If for nothing else these are posts like self-respect energy bars, I like to think that I really do something good for myself and my family by not switching to back Java or to something else.

    Truth is, Adobe is not really happiest place for CFML to grow, at least not at the pace it needs to in order to make more money to me and to Adobe. But all of us are hoping for better and we’ll always want more: more marketing, more respect, more efforts, more innovation, more ideas…so generally more! And yes, there are also CFML developers in Europe (not only UK). We are still making money out of pure coding, not by 8h/day blogging/twitting/consulting. I’d say to your employer “Help me, to help you!” I also want to spread the good word about CF, I want to get respect from my colleagues working with other technologies, I want to show students how great CF is.
    How can I do that?


  2. As a CF developer running a small RIA development business in the UK and following many recent conversations at CFUnited 2010 I wanted to add to the above posts:
    ColdFusion is brilliant, great, fast, efficient, my preferred choice for development of many RIAs. However…

    Who knows about it?
    I pitch to small and medium businesses and they don’t trust something they’ve never heard of.
    If someone can tell me of a new campaign to spread the word about CF “OUTSIDE” the existing CF community then I will cheer! If it stays within the community without Adobe or other support then awareness will fall and demand for CF with it. Training will not be requested/undertaken and the existing community will start to dwindle.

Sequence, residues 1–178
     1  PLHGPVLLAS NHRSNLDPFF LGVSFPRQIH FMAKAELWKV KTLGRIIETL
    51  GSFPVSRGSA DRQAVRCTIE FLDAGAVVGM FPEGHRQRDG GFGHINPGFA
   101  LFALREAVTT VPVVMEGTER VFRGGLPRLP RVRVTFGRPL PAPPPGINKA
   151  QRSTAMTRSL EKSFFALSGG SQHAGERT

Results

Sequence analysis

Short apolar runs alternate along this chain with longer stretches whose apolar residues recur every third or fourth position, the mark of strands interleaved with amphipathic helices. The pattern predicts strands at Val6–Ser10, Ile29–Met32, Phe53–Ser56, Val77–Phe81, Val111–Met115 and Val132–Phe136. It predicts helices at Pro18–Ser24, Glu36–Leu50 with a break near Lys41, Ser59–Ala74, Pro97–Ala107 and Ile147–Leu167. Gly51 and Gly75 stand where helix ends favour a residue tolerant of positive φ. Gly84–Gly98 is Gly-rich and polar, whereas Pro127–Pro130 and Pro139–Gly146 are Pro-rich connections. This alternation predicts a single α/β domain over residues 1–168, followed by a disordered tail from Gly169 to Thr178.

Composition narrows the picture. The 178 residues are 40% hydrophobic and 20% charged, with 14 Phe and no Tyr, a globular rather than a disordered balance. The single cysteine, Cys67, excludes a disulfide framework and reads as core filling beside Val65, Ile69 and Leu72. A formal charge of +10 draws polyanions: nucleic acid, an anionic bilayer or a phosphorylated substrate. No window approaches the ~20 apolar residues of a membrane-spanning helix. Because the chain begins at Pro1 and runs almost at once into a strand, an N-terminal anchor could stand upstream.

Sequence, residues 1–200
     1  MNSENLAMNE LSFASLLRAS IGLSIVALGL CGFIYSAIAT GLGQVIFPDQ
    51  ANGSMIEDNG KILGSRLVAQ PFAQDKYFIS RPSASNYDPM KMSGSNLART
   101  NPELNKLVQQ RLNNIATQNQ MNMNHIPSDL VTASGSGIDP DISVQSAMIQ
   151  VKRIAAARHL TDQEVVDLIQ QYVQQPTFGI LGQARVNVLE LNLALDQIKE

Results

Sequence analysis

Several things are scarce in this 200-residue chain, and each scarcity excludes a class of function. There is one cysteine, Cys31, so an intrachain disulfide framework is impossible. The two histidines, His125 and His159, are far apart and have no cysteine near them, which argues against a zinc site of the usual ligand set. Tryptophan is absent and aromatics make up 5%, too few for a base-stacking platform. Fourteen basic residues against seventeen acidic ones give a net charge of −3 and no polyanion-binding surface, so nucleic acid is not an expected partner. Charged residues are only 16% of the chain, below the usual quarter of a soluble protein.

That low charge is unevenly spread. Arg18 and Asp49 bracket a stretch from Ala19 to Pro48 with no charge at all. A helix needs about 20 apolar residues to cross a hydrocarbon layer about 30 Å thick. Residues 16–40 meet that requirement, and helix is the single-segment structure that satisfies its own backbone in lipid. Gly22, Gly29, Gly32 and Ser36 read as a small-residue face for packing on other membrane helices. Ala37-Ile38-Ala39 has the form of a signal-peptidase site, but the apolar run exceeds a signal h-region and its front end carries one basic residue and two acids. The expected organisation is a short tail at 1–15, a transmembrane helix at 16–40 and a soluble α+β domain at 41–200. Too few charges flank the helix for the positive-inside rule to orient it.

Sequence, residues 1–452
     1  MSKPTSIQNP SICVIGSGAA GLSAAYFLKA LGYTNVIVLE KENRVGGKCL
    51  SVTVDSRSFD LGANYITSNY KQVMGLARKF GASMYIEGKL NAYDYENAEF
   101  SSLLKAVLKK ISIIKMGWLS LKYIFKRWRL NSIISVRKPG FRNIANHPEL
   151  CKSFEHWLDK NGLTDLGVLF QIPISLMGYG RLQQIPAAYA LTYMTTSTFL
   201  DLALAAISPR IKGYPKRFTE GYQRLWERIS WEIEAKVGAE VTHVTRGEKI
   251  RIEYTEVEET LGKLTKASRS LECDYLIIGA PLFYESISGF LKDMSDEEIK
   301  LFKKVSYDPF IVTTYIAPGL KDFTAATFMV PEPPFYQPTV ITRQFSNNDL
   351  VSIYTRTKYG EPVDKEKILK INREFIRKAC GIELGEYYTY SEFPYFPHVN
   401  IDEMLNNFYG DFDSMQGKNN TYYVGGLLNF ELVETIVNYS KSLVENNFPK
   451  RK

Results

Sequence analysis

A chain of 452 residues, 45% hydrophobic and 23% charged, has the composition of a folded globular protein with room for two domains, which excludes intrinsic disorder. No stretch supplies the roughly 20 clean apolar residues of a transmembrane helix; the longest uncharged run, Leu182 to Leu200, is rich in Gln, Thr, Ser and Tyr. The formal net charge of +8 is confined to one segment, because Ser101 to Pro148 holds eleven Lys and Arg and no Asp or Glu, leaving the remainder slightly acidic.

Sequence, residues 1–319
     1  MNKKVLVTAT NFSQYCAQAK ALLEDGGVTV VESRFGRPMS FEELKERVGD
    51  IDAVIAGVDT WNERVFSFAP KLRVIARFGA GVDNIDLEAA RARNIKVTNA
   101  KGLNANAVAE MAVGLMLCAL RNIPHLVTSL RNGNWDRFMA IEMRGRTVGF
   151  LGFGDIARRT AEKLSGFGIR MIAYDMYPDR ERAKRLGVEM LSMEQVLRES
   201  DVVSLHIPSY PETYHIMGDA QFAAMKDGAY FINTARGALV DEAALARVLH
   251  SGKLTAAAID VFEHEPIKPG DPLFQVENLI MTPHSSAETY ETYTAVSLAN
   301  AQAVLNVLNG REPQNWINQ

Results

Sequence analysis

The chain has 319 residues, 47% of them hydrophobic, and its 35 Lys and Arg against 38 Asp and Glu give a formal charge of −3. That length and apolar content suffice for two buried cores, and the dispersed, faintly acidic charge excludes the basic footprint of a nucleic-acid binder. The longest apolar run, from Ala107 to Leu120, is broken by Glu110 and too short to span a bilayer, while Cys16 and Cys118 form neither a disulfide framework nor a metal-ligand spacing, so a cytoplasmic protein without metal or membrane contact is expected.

In fact; from my perspective, this sounds very much like where we are now and that is worrying.

    Where are the new programmers coming into CF development?
    CFUnited’s declining attendee numbers (all estimated) are possibly an indicating trend:
    2008=1200+ 2009=850+ 2010=400+ 2011=not viable
    I know that many will shout RECESSION and there are other CF conferences out there, but I have been trying to recruit employees for various CF projects and the lack of junior developers in the UK market is jaw dropping.
    The experienced CF’ers are mostly overemployed (or increasingly turning to consulting on legacy enterprise systems) as there are so few new developers out there and recruiting from within the community is both costly and impractical for long term employee needs.

    One blessing in the mix is Railo where the good folk are raising the bar and creating a challenge which is the best provocation to Adobe to push forward with development of CF.
    Sadly Railo lack the resources to singlehandedly evangelise and raise Railo/ColdFusion brand awareness globally (although they should be praised for all they are doing).

    So who is doing CF evangelism?
    In answer… the existing CF community, don’t get me wrong, this is great and as it should be… but the token effort and resources put in by Adobe to push forward the global awareness required to carve more than minute niche in the development market is shocking. Without this we as a community are destined to struggle and will ultimately have to diversify over the coming years as awareness, confidence and CF take-up fall by the wayside.

    As a keynote title last year said “ColdFusion is dead. Long live ColdFusion”. At present ColdFusion definitely isn’t dead, but we should be very worried about its longevity.